|Scientific Name:||Astrochelys radiata|
|Species Authority:||(Shaw, 1802)|
Asterochelys radiata (Shaw, 1802) [orth. error]
Geochelone radiata (Shaw, 1802)
Testudo coui Daudin, 1802
Testudo desertorum Grandidier, 1869
Testudo hypselonata Bourret, 1941
Testudo radiata Shaw, 1802
|Red List Category & Criteria:||Critically Endangered A4d; E ver 3.1|
|Assessor/s:||Leuteritz, T. & Rioux Paquette, S. (Madagascar Tortoise and Freshwater Turtle Red List Workshop)|
|Reviewer/s:||Rhodin, A. & Mittermeier, R.A. (IUCN SSC Tortoise & Turtle Freshwater Turtle Red List Authority)|
Generation time is considered as 42 years; the assessment is carried out by considering documented impacts over a period encompassing less than two past generations (67 years) and anticipated impacts on the next generation (next 33 years) for a maximum assessment period of 100 years. Available information indicates that the species has disappeared entirely from about 40% of its past range through a combination of habitat loss and exploitation, and that remaining populations have been severely depleted by recent and ongoing exploitation predominantly for domestic consumption; an overall population reduction of 80% over two past and one future generation is a conservative estimate, thus qualifying as Critically Endangered under criterion A4d. Population modeling indicates collapse and extinction in a period of on average 45 years into the future, thus meeting Critically Endangered under criterion E. Habitat loss rates approach or exceed 80% over the three generation period, thus A4c may also be met.
|Range Description:||Radiated Tortoises are found in the dry spiny forests of southern and southwestern Madagascar, from the area of Amboasary in the south across the Karimbola and Mahafaly plateaus north of Tuléar (where the habitat is highly fragmented and tortoises may be close to extinction) to Morombe. They are usually found in a narrow band within about 50 to 100 km from the coast (Glaw and Vences 1994, Leuteritz et al. 2005). Is sympatric with Pyxis arachnoides. The species' core range compries about 10,000 square km.|
|Range Map:||Click here to open the map viewer and explore range.|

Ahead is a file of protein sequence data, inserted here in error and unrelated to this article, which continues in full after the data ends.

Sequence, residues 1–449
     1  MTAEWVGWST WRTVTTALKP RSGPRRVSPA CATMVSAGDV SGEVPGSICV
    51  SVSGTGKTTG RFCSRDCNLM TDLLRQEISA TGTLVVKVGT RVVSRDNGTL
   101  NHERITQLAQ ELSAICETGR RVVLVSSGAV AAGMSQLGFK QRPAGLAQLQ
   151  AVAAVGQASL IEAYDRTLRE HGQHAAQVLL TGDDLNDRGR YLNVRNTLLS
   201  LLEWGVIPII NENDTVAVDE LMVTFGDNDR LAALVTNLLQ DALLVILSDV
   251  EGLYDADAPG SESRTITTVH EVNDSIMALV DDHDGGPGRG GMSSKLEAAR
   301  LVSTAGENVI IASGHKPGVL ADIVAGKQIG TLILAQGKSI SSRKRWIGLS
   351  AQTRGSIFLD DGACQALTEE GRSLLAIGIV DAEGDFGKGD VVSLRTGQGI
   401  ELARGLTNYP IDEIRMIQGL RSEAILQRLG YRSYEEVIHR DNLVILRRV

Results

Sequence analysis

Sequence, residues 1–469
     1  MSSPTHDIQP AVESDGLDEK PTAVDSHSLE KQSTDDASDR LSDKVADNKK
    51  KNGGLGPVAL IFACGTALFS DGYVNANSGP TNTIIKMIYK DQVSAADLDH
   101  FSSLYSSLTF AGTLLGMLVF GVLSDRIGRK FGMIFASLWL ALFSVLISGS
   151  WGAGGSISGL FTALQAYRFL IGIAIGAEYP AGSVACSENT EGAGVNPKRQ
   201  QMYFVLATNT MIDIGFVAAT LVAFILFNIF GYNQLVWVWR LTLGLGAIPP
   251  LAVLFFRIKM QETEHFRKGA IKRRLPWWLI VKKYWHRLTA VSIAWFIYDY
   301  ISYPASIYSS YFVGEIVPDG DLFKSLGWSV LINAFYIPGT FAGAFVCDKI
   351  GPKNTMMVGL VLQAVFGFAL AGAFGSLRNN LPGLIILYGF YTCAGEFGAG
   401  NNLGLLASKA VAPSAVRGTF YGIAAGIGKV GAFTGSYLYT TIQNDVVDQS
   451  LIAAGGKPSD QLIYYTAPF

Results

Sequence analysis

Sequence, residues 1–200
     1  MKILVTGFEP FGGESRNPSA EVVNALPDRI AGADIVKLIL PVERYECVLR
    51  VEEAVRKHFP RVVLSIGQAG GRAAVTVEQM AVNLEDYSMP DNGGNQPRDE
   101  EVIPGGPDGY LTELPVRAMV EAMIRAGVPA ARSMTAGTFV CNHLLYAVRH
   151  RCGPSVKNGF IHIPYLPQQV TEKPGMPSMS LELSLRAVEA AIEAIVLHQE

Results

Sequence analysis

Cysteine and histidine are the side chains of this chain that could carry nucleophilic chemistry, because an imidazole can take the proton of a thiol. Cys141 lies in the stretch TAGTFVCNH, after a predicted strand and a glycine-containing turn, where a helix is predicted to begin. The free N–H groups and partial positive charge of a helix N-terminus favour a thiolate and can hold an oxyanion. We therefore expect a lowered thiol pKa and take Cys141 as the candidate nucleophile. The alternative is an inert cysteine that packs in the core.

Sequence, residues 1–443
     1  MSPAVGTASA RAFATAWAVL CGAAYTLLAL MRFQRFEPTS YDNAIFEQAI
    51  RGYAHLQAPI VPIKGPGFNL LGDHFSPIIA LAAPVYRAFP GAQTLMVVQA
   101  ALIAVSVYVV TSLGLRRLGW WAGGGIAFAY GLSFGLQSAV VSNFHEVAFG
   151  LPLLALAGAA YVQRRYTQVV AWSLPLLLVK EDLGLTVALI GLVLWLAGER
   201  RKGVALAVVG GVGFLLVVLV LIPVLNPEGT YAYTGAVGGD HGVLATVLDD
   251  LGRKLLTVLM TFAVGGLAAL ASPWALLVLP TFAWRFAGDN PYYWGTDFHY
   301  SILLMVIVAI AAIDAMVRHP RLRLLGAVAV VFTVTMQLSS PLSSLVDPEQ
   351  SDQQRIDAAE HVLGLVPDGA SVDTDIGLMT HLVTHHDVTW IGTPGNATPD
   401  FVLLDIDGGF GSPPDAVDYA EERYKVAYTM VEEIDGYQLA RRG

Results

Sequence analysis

Historically this species has been quite abundant, often being found along roadways and has served as symbol of Madagascar's south. This is not the case anymore. Tortoises are not found along major roadways but may be locally abundant in certain areas. According to O’Brien et al. (2003) the species is declining, with its range having contracted by one fifth over the last 25 years. Lewis (1995) reports density estimates based on line distance sampling of 262.2 to 1,076.7 tortoises/km², from which he extrapolated a conservative total population size of 1.6–4 million. Leuteritz et al. (2005) reported densities of 27–5,744 tortoises/km² with a total population estimate of 12 million. Rioux Paquette et al. (2006) undertook a microsatellite genetic analysis, which identified three distinct conservation units with relatively high assignments rates. The study supported the role of the Menarandra and Manambovo Rivers as major barriers to the dispersal for most Radiated Tortoises.
Population models were calculated at the 2005 Population and Habitat Viability Analysis (PHVA) workshop based on a number of variables including estimated population size and annual harvest intensity. Depending on the variables selected, the species was predicted to reach extinction at various times, with most estimates clustering around 45 years into the future (range 20-100+ years) (Randriamahazo et al. 2007).
|Habitat and Ecology:||
The Radiated Tortoise is found in low irregular rainfall areas with xerophytic spiny vegetation dominated by Didiereaceae and Ephorbia (Durrell et al. 1989). They can be found on the high plateaus inland and also on the sandy dunes close to the coast (Leuteritz et al. 2005).
Radiated Tortoises are herbivores feeding predominantly on grasses and in some areas on the alien invasive Opuntia. On occasion they are also known to ingest animal matter. During the rainy season wild tortoises drink from water that collects on rocks after it rains (Leuteritz 2003).
Adult female tortoises range in carapace length from 24.2 - 35.6 cm and males ranged in from 28.5 - 39.5 cm (Pedrono 2008). Males exhibit distinct secondary sexual characteristics by about 26 cm carapace length (Leuteritz 2002). Mature females produce up to three clutches per season with 1–5 eggs per clutch (Leuteritz and Ravolanaivo 2005), leading to an estimated average production of two clutches of four eggs each per breeding female; an estimated 82% of mature females breed in an average year (Randriamahazo et al. 2007). No solid data exists on longevity but estimated life span is believed to be up to 100 years (Randriamahazo et al. 2007). A detailed overview of natural history is presented by Pedrono (2008).